If exploring this type of role sounds interesting we'd love to hear from you! As this is a professional position, entry level Claims Representatives with no claims experience do need to have a Bachelors degree. For those with existing claims experience we can take that into account in lieu of the formal degree. As always, if you are interested we ask that you please apply via our company website

Tuesday, July 7, 2015

100 Year Celebration goes ahead without a hitch

Despite some threatening clouds this morning Pinnacol employees were treated to surprisingly good weather for today's celebration of our company's 100 year anniversary. The event, held outdoors in our parking lot, featured catered lunch for our employees as well as for our invited guests including company retirees, former and present board members, and two of our former CEO's. I heard, but haven't verified, that there may have been 60 or more retirees in attendance. The event was a true blending of the best of the past with the best of the present all wrapped up in the promise of the future. Our former Chief Financial Officer, Jeff Tetrick, who retired after 25 years of service, had the honor of opening the time capsule which had been buried when we moved into our Lowry facilities. That was appropriate as it was in large part due to Jeff's efforts that the relocation to Lowry happened at all.

It was a special treat to have three CEO's in attendance - Gary Pon, John Plotkin, and Phil Kalin. It's not often that happens and it was a pleasure to see them together. Gary Pon was tasked with transitioning the then State Compensation Fund away from State agency status and he oversaw us as we became the State Compensation Insurance Authority, then the Colorado Compensation Insurance Authority, and finally Pinnacol Assurance. Gary received a very warm reception and recognition from our employees as well as from our current CEO Phil.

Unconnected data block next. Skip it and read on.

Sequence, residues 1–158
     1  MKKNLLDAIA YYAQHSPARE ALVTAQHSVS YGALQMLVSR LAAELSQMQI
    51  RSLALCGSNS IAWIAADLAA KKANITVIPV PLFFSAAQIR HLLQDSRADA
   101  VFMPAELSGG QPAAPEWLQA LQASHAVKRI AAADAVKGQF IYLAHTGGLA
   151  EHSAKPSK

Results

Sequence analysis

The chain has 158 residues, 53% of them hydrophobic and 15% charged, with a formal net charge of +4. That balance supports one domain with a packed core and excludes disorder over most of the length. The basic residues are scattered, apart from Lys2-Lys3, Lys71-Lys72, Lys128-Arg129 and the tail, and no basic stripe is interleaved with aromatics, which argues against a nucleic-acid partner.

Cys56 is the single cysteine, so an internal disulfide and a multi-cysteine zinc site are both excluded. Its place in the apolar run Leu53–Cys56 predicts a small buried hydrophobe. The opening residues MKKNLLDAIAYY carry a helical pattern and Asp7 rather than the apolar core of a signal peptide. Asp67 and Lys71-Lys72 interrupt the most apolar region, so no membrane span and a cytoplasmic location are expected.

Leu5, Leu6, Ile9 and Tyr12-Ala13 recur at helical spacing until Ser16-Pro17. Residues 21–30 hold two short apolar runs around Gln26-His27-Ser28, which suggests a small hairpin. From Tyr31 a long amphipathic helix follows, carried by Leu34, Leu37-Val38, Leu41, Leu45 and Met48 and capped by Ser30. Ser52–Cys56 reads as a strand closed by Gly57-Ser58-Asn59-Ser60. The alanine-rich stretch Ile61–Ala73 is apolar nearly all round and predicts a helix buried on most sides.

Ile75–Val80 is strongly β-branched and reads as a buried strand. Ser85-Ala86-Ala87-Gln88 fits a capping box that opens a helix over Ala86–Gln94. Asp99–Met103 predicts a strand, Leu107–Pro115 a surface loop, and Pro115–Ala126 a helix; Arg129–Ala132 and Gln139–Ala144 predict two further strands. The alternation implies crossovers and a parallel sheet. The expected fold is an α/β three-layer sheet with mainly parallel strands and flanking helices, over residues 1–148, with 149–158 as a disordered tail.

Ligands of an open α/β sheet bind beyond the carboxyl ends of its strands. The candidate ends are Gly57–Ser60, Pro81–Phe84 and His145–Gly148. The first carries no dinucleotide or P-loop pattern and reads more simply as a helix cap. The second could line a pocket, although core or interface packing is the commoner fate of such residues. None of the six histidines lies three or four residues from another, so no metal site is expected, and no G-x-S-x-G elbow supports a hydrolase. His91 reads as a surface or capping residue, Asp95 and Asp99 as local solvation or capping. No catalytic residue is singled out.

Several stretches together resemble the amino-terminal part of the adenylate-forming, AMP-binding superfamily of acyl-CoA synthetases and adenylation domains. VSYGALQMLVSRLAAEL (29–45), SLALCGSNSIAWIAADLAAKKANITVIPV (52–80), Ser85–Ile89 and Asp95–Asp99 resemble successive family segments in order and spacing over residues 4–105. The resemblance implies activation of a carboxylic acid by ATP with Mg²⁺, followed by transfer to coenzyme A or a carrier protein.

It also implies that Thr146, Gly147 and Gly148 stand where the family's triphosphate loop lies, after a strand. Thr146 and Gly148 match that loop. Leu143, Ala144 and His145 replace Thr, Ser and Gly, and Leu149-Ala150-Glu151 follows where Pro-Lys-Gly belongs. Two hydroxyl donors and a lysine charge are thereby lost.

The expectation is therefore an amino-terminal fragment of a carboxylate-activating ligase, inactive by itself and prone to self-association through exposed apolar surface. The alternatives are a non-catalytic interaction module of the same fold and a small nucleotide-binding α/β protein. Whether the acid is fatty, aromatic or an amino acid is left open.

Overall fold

Companies only turn 100 once, and then only if they are fortunate enough to make it to that milestone. Through those 100 years there have been several thousand Coloradans who have worked for our company and it is through their efforts, as well as the ongoing work of our current employees that make Pinnacol the company it is today. It is a privilege to live and work in this great State and we look forward to serving the people of Colorado well into the future.
Pinnacol's parking lot was transformed to celebrate our 100 year anniversary

Preparing to unlock the time capsule
Past meets present: former CEO Gary Pon and current CEO Phil Kalin

Pinnacol employees and guests pose for 100 Year pictures

Monday, July 6, 2015

Flashback 2002

On November 12, 2002, a time capsule was buried on the grounds of the brand new Pinnacol headquarters at Lowry. Tomorrow, July 7, 2015,  that time capsule will be opened after 13 years underground to help celebrate our 100 year anniversary.  In honor of this event I went ahead and researched some of the coolest things of 2002, because who knows, maybe some of these items are in the time capsule!

Coolest things in 2002: 
·       Trucker hats
A long time before
  Two and a Half Men
·       BlackBerry smartphones                          
·       Gen 2 iPods
·       Crocs
·       TiVo Series2
·       Xbox was introduced
·       PlayStation 2 was the bestselling video game console with Grand Theft Auto Vice City being the top game
·       Yu-Gi-Oh game cards
·       Ford F-series
·       Bleached hair/Chunky highlights
·       Sweat/track suits   
While some of these cool 2002 things may or may not be in the time capsule, there were also some pretty significant events that happened in 2002.